BOSTON

Sanders, Graham Debate Gun Policy in Boston as Both Signal Support for Bipartisan Deal

Independent Sen. Bernie Sanders of Vermont says he's "quite sure" he would vote for a tentative deal on gun control reached by a bipartisan group of senators including South Carolina Republican Lindsey Graham; both took part in a FOX News debate at the Edward M. Kennedy Institute in Dorchester

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Independent Sen. Bernie Sanders of Vermont and Republican Sen. Lindsey Graham of South Carolina met Monday in Boston to debate a range of issues, including gun control.

The debate, which was produced by FOX News, took place at the Edward M. Kennedy Institute in Dorchester. It came one day after a bipartisan group of senators reached a tentative deal on gun control legislation.

The measures include financial incentives for "red flag" laws, enhanced background checks for gun buyers under 21, mental health resources and closing the so-called "boyfriend loophole."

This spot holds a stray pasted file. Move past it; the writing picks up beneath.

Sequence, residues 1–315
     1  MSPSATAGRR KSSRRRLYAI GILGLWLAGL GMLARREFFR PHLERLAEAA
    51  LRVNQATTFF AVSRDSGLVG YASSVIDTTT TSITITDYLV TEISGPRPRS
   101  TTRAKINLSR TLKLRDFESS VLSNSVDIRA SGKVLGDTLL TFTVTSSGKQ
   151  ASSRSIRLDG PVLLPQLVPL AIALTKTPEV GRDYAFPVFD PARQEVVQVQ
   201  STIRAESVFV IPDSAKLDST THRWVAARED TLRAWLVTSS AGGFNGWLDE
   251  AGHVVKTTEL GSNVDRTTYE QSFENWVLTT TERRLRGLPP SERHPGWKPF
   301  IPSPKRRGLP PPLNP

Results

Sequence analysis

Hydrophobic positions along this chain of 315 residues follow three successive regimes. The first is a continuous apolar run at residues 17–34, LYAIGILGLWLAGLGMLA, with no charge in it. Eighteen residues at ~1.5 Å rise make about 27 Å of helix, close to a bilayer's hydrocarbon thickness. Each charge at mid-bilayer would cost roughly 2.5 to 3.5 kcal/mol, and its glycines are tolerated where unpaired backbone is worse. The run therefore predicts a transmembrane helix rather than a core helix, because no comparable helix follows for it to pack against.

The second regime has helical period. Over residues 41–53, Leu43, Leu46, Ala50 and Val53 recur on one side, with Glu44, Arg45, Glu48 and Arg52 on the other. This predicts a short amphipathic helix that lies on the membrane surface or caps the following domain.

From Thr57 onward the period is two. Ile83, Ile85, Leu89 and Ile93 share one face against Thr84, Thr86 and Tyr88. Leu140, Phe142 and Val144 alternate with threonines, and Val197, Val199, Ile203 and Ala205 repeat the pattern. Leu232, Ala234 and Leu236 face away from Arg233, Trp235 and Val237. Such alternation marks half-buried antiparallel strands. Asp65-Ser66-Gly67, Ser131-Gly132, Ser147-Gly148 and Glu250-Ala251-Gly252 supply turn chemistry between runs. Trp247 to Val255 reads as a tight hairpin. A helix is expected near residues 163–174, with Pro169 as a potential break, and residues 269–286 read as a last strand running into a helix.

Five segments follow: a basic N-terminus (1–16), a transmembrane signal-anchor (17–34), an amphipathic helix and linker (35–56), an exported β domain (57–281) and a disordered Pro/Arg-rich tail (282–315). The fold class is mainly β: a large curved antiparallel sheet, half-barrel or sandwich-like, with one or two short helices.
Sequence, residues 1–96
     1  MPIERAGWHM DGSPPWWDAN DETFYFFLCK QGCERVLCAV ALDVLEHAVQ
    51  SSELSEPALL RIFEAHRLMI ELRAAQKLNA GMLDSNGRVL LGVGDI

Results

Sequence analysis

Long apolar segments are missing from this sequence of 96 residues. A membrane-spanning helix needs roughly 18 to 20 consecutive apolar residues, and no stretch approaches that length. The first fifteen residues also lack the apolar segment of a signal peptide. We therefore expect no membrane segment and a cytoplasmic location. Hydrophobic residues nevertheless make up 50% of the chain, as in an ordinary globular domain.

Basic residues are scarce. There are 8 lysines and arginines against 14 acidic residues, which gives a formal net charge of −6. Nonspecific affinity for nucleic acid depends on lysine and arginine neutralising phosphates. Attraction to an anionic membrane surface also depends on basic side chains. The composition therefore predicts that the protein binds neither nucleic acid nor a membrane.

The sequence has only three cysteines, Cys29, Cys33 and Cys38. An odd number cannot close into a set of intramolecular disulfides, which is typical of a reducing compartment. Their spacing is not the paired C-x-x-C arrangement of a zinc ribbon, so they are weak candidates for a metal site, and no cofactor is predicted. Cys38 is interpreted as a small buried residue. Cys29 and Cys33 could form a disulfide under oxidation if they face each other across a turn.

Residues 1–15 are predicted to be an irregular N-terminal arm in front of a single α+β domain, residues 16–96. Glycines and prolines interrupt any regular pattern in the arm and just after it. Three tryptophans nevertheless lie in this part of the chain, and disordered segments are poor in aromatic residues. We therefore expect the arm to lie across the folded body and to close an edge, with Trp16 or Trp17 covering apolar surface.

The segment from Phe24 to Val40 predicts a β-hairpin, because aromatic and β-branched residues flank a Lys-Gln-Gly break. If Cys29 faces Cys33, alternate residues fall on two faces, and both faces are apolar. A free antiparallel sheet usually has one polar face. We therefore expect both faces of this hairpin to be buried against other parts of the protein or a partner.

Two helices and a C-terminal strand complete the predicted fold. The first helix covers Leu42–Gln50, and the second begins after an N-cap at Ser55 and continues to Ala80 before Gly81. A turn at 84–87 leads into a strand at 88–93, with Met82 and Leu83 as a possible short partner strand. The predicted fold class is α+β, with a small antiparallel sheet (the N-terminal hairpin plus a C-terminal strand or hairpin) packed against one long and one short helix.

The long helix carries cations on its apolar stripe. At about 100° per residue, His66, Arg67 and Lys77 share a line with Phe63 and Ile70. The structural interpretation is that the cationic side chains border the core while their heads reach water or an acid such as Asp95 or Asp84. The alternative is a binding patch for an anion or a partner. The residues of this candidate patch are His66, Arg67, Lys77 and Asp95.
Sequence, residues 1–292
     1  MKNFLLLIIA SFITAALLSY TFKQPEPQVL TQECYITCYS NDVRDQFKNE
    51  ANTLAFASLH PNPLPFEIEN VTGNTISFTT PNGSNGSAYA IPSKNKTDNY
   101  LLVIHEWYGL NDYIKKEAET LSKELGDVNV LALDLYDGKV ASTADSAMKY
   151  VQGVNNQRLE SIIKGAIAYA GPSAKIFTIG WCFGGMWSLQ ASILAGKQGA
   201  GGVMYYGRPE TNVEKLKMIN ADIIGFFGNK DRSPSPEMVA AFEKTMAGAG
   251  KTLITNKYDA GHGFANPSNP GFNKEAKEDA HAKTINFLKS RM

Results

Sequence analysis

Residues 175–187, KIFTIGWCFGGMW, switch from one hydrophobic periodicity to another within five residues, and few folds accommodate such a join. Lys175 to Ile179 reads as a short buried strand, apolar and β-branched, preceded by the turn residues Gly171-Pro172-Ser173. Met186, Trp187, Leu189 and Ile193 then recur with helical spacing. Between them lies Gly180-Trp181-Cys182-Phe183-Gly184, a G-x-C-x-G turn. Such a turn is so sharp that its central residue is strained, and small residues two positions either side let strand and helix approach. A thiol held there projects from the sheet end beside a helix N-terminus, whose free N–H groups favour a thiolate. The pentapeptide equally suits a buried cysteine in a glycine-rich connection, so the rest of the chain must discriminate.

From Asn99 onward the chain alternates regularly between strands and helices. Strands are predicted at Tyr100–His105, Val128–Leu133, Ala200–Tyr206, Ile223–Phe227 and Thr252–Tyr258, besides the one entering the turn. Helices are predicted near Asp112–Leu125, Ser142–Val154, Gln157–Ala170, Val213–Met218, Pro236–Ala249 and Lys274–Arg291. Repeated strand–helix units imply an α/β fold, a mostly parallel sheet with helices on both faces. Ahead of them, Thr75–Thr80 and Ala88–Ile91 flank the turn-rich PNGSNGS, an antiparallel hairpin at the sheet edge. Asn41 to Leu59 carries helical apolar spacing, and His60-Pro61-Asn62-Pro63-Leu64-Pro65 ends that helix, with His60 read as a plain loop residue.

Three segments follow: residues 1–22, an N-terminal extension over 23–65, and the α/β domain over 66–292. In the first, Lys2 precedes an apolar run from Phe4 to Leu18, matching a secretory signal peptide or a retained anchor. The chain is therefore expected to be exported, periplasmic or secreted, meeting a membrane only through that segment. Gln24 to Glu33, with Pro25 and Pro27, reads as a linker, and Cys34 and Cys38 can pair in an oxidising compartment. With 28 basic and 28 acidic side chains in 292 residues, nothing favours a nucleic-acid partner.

Gun control activists said the closing of the loophole, which allows people convicted of domestic abuse to pass a background check as long as they are not the spouse of the victim, is a marked improvement.

"More than half of mass shootings have some relation to domestic violence," said Ruth Zakarin, executive director of the Massachusetts Coalition to Prevent Gun Violence. "In this piece in particular, which will keep more survivors of domestic violence safe from firearms and from abusers who have access to guns, feels like a really important step forward."

Graham is one of 10 Republicans who support the package; Sanders said he's "quite sure" he would vote for the measures.

"I think it's a modest step forward, but it doesn't go anywhere near far enough," said Sanders. "As a nation, we have to ask ourselves whether it's acceptable to for anybody to walk in to a gun store and come out with an AR-15."

Graham acknowledged Sanders' likely decision to make concessions on gun control.

"We've made some news here today. Sen. Sanders says he'll be open-minded, depending on how it's written, the package we've negotiated. That's a big deal, because it's not what he would want."

The proposed measures have enough support — at least 60 senators — to stave off a filibuster. That means any bill would have a clearer path to becoming law.

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